I’ve really been enjoying working my way through the 52 reflections included in Devotions on the Greek New Testament. The first of these, by Roy E. Ciampa, has been really instructive as a reflection on what righteousness looks like in practice From Matthew 1:19:
“Ἰωσὴφ δὲ ὁ ἀνὴρ αὐτῆς δίκαιος ὢν καὶ μὴ θέλων αὐτὴν δειγματίσαι ἐβουλήθη λάθρᾳ ἀπολῦσαι αὐτήν.”
“And her husband Joseph, being a just man and unwilling to put her to shame, resolved to divorce her quietly.”
You can interpret the main participles in this sentence “being righteous – δίκαιος ὢν – and not wanting – μὴ θέλων – to make an example of her” as either causal or concessive. Joseph either plans to divorce her because he is righteous and doesn’t want to disgrace her, or despite his righteousness in recognising the demand to publicly denounce unfaithfulness he decided to divorce her quietly. Our choice of translation cannot be separated from our understanding of righteousness: either Joseph’s actions are unexpected in the light of his righteousness (concessive), or they are a direct result of his righteousness (causal).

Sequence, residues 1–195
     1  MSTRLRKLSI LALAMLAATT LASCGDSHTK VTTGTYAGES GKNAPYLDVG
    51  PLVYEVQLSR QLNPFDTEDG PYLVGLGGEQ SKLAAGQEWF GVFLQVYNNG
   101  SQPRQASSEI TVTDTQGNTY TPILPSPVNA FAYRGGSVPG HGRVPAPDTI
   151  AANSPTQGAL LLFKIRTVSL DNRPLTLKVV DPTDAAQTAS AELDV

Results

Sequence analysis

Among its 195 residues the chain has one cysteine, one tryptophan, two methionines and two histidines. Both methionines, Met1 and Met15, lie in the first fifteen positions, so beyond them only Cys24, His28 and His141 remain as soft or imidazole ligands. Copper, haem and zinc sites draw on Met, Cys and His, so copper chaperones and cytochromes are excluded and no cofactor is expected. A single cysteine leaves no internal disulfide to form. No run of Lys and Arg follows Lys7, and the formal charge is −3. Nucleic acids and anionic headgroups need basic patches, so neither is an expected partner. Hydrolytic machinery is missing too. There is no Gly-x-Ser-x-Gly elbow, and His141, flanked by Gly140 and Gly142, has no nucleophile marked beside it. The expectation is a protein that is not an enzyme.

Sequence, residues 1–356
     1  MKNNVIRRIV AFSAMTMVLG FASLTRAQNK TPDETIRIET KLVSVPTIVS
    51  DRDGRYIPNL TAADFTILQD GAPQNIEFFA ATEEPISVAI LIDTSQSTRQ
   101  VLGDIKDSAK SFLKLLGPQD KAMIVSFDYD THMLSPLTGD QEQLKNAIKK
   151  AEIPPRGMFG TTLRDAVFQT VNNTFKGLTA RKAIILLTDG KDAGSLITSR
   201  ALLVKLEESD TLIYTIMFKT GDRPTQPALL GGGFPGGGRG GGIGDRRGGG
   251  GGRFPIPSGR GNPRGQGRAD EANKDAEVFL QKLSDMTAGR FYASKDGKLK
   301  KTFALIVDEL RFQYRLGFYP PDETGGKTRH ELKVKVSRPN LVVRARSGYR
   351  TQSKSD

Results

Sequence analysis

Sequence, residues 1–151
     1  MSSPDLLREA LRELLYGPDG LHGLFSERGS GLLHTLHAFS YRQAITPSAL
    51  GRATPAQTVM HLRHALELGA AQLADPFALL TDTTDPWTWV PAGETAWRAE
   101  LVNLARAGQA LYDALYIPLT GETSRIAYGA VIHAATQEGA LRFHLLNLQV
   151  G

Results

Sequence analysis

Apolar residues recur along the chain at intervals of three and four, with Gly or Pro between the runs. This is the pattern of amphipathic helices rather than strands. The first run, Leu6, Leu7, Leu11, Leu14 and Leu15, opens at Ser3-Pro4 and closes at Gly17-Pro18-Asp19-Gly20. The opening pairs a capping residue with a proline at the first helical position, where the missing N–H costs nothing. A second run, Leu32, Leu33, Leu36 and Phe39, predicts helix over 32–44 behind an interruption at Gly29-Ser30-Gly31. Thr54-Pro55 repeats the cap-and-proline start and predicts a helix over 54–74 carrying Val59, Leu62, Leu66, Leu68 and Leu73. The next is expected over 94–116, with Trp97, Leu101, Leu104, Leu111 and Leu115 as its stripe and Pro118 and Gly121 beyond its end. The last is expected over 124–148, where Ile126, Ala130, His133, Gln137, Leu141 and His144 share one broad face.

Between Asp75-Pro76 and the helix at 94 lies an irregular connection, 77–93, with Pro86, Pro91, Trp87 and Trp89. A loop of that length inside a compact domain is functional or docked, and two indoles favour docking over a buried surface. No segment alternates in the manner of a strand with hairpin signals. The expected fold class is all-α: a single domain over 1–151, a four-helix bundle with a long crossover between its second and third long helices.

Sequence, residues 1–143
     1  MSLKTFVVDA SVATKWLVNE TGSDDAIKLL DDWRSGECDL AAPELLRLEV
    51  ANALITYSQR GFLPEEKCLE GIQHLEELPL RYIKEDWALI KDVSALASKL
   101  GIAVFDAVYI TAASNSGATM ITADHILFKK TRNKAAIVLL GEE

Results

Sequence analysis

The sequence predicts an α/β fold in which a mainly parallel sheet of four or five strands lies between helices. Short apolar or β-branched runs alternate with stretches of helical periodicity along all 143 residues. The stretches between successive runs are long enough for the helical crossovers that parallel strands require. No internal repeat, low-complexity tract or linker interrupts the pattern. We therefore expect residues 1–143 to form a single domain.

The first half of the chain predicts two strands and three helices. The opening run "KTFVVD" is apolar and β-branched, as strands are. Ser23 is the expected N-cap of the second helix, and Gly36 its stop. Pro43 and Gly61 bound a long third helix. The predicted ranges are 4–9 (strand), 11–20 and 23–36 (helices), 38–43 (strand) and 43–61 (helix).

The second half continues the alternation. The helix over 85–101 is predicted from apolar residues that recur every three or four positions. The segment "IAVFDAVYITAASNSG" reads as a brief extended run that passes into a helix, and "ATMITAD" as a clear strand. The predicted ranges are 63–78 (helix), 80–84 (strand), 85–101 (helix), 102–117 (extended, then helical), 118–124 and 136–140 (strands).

This is a theme that Jesus (and Matthew) flesh out as the gospel continues. For Jesus, and in key passages of the Old Testament (e.g. Hosea 6:6), mercy and compassion are not at odds with righteousness but a key mark of righteousness. Mercy is extended to us on the cross, we are not left to our own destruction.
Perhaps it was this Jesus-style righteousness, and not the righteousness of the Scribes and Pharisees, that led Joseph to think and act in the way that he did.
This short passage is a good example of one of the many thousands of translation choices made in each English rendering of the Bible – and why we shouldn’t rely on any one version as our only source.